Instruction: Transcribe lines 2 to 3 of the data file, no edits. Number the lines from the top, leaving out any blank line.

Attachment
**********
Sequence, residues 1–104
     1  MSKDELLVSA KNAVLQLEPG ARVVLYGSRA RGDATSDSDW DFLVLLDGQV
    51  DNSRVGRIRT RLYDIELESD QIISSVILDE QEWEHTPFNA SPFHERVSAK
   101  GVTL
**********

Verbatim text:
     1  MSKDELLVSA KNAVLQLEPG ARVVLYGSRA RGDATSDSDW DFLVLLDGQV
    51  DNSRVGRIRT RLYDIELESD QIISSVILDE QEWEHTPFNA SPFHERVSAK